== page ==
The house diagonally opposite has a huge cross of St George flag hanging out of an upstairs bedroom window. There are smaller versions flying from small masts on their car. They are not alone. Over the last few days it's been difficult to cast your gaze anywhere without seeing an England flag.
It's World Cup time again. And, for one month out of every four years, a collective insanity grips everyone.
I say that like it's a bad thing. It's really not.
Let me state my position right away. I'm not a massive fan of football. I have a little difficulty with the offside rule. And I'm not entirely sure I'd want to spend too much time with professional footballists. (That is the correct term, isn't it?)
I'm also not into the public displays, the flags, the bunting, the t-shirts. This open, chest-thumping, tears-in-your-eyes form of patriotism - it's fine for other countries, just not very, well, English. I love the place, its history, landscapes, cities, culture, humour, people. But I'm well aware that nationality is an accident of birth. If I was born elsewhere I'd probably have similar feelings about that place. Well, maybe not Belgium, but you get the general idea.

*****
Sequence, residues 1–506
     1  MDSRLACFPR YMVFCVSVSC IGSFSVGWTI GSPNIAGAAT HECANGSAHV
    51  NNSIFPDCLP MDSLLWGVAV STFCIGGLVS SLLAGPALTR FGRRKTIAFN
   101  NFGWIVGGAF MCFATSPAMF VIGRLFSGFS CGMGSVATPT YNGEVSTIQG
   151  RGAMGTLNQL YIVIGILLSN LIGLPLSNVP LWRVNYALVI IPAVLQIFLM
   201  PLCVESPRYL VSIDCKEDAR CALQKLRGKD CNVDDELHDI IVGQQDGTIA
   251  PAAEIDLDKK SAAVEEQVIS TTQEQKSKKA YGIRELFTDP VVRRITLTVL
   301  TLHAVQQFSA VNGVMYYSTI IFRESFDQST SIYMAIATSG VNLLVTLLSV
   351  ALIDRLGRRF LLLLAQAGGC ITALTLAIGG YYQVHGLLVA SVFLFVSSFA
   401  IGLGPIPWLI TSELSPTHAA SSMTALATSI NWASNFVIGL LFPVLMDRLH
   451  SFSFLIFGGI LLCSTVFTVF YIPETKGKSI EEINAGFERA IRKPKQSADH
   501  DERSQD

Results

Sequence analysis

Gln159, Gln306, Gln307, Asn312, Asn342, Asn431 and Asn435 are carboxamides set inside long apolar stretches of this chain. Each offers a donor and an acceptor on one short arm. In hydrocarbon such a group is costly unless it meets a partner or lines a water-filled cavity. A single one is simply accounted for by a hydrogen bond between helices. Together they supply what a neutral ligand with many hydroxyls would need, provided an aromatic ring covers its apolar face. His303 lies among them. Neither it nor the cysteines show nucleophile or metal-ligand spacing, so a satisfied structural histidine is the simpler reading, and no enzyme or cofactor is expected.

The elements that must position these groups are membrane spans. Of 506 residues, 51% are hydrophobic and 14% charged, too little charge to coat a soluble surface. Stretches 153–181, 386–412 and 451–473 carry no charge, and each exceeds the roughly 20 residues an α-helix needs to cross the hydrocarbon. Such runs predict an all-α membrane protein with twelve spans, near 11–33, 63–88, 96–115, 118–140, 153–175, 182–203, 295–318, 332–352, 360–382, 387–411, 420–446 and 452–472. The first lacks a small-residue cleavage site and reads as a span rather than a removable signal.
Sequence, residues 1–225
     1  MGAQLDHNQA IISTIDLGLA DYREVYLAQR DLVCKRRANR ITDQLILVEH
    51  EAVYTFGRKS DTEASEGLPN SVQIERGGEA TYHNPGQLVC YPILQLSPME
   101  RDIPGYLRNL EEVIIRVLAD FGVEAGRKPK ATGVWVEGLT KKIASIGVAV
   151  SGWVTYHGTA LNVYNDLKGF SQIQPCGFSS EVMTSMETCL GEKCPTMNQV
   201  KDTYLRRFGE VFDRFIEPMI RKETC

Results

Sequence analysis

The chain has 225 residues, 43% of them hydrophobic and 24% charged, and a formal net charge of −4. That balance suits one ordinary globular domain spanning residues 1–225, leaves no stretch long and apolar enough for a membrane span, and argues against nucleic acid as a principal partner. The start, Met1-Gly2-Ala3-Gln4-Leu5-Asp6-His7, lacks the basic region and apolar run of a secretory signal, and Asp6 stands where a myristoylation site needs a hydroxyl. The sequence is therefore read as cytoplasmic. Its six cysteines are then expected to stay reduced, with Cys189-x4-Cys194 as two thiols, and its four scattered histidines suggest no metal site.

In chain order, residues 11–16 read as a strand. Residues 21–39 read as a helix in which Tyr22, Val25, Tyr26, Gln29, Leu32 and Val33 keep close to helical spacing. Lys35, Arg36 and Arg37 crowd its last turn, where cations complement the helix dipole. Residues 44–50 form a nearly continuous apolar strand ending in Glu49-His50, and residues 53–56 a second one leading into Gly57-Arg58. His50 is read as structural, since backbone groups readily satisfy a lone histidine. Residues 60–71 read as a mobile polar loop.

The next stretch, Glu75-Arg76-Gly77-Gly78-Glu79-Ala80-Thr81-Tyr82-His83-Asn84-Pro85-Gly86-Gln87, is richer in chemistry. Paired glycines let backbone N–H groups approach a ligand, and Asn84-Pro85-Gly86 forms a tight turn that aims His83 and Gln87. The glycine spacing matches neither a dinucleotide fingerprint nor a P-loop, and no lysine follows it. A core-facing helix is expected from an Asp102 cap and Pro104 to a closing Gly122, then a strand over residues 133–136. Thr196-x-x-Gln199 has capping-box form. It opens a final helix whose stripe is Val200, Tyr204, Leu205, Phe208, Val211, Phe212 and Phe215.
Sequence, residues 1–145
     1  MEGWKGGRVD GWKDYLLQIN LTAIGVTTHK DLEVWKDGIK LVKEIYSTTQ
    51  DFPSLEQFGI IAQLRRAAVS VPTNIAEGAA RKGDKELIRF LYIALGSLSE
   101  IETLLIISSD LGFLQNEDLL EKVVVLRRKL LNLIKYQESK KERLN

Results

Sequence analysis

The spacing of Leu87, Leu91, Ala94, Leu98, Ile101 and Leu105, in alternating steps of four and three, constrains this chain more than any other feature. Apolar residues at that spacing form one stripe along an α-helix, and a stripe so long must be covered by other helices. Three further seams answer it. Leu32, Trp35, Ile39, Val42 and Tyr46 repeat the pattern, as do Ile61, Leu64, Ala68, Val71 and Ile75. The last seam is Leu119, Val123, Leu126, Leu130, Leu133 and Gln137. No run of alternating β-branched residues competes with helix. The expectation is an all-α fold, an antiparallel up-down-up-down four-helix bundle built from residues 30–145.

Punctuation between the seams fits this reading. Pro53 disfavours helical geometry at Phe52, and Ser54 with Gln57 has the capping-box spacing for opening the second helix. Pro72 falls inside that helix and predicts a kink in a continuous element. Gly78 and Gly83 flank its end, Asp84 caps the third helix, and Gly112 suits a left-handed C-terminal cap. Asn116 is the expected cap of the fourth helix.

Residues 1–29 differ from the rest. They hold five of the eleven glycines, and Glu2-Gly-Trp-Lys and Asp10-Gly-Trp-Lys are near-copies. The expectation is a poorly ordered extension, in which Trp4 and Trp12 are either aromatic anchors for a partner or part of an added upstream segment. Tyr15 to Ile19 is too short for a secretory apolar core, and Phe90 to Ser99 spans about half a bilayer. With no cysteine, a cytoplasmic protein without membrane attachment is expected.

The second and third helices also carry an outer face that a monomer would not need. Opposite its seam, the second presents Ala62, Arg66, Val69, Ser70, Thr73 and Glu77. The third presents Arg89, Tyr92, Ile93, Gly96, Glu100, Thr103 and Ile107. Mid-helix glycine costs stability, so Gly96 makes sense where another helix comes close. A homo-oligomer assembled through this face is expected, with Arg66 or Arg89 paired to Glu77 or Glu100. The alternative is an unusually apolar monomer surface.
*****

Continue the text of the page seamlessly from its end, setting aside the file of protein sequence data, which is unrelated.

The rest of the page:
But I don't mind other people indulging in all of this. Although if you're going to fly an England flag, please choose one that is a simple cross and doesn't have 'ENGLAND' emblazoned across it. We're not schoolchildren on Flag Recognition Day.
But here's the thing. Despite my lack of football knowledge, my quiet undemonstrative patriotism, I love all the stuff and nonsense that goes with events like the World Cup. For four weeks we'll all be united, gripped by dramas being played out thousands of miles away. We will sing silly songs, share outrage and delight, and maybe the odd beer or two. And we will, undoubtedly, find some tiny level of detail, some rulebook minutiae, over which we can obsess.
Sounds decidedly English to me.